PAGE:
THE economic fallout from Israeli restrictions in Palestinian territories is "deeper and broader" than imagined, with unemployment reaching 50% and poverty in Gaza at 70%, according to the UN's Mideast envoy.

Terje Roed-Larsen urged Israel to ease the restrictions - and called on both parties to resume peace talks as the only viable solution to the Mideast impasse.

Roed-Larsen released what he said were the first international statistics on the Palestinian economy since Israel reoccupied major Palestinian urban areas in the spring as a response to suicide bombings.

"I am deeply disturbed by the figures," he said in Jerusalem.

But I am not surprised, given the iron grip that Israel has imposed on the West Bank. "Aid cannot fill the gap, but without it the economy would collapse. Against this backdrop, and before the eyes of the world, the Palestinian civilian population is scrambling to survive."

"We have to break through this central dilemma," Roed-Larsen said. Humanitarian, economic, political and security issues must be negotiated at the same time, he said, or ceasefires will be destined to fail.

Israel has imposed curfews and sealed off much of the West Bank, severely restricting the movement of goods and people. Residents of six of the eight major urban areas in the West Bank are confined to their homes, often for days at a time.

He said the curfews and closures have pushed up unemployment in the West Bank in the second quarter of 2002 from 36% to 50%. Unemployment in Gaza, he said, has remained steady at 50%.

According to UN figures, poverty defined as per capita consumption of £1.30 or less a day is 70% in Gaza and 55% in the West Bank.

Meanwhile, Israel's Supreme Court has ruled that it is legal to expel relatives of Palestinian suspects from the West Bank to the Gaza Strip, but only if they pose a security risk.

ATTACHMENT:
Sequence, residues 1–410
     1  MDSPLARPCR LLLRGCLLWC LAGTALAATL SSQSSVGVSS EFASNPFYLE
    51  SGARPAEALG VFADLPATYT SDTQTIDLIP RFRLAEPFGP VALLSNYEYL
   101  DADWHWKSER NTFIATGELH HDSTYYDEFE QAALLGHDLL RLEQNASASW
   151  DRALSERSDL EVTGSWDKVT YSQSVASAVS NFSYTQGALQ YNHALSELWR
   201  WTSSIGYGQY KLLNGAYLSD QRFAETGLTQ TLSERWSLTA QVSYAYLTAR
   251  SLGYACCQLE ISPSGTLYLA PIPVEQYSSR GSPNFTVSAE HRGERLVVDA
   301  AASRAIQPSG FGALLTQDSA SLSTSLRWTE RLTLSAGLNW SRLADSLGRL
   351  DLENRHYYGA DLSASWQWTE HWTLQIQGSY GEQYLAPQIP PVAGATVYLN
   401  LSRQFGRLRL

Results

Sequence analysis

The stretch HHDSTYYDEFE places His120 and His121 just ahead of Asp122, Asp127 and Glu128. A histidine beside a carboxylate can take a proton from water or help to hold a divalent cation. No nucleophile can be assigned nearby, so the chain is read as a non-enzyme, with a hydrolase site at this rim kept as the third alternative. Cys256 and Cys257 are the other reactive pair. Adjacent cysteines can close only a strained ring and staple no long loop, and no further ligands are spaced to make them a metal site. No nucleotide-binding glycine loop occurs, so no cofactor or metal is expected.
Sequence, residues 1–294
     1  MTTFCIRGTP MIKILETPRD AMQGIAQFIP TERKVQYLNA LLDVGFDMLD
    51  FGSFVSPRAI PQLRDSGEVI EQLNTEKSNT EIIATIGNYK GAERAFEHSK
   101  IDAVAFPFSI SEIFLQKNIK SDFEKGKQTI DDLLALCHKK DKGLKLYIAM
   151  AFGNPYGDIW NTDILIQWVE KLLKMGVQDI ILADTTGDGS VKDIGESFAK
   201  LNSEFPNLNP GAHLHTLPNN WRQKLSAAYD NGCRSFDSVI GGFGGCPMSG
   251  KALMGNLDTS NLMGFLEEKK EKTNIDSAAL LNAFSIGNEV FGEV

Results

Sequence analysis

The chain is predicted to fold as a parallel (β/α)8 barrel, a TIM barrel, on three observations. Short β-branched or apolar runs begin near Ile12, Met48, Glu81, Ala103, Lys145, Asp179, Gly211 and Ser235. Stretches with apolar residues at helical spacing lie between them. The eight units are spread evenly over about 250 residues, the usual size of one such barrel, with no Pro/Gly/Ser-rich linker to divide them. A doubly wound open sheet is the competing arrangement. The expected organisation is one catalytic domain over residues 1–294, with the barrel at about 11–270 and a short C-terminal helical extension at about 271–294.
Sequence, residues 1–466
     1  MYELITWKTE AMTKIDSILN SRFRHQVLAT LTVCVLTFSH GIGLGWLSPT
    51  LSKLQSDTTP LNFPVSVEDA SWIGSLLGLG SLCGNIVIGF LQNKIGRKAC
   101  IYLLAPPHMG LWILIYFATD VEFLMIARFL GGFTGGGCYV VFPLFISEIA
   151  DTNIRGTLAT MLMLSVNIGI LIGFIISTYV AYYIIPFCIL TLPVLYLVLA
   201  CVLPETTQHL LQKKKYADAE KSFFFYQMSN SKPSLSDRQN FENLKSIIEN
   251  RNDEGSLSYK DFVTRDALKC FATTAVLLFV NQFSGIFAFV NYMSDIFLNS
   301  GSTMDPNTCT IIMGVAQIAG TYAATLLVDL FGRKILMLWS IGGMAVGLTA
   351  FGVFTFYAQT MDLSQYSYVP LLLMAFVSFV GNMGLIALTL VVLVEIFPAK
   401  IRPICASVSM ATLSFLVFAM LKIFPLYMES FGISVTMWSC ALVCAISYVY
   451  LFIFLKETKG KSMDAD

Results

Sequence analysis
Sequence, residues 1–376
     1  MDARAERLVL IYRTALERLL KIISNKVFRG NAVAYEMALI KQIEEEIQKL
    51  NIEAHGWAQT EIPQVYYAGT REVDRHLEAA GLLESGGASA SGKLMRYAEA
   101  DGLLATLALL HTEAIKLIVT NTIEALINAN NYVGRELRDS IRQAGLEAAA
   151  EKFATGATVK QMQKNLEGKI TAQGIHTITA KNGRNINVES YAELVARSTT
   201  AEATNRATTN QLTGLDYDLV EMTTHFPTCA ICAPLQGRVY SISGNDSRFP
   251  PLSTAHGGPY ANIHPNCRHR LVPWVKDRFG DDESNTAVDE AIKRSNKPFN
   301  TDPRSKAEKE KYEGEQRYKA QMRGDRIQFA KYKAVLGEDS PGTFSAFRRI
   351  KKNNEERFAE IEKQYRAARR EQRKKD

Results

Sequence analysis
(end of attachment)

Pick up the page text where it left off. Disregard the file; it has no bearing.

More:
The decision by a special panel of nine judges backed Israel's moves to deter would-be attackers, and rejected the concerns of many human rights activists.

Human rights lawyers say they constitute collective punishment and violate international law.

The Palestinian Authority may file a complaint with the UN Security Council and the International Criminal Court.

Earlier, the Supreme Court, unanimously upheld the expulsions of Intisar and Kifah Ajouri, sister and brother of Ali Ajouri, a member of the Al Aqsa Martyrs' Brigade militia, who allegedly sent a pair of suicide bombers to Tel Aviv on July 17.

The court said Intisar and Kifah Ajouri had advance knowledge of the attack.

Human rights lawyer Leah Tzemel, who represented two of the petitioners, said she feared the decision could be used by Israel as a tool for the transfer of populations from the West Bank to Gaza.

The coastal strip is fenced in, and much easier to control than the West Bank, with its easy access to Israel.

In mid-July, Israel began demolishing family homes of terror suspects, also as a deterrent. Since then, the military has razed more than two dozen homes.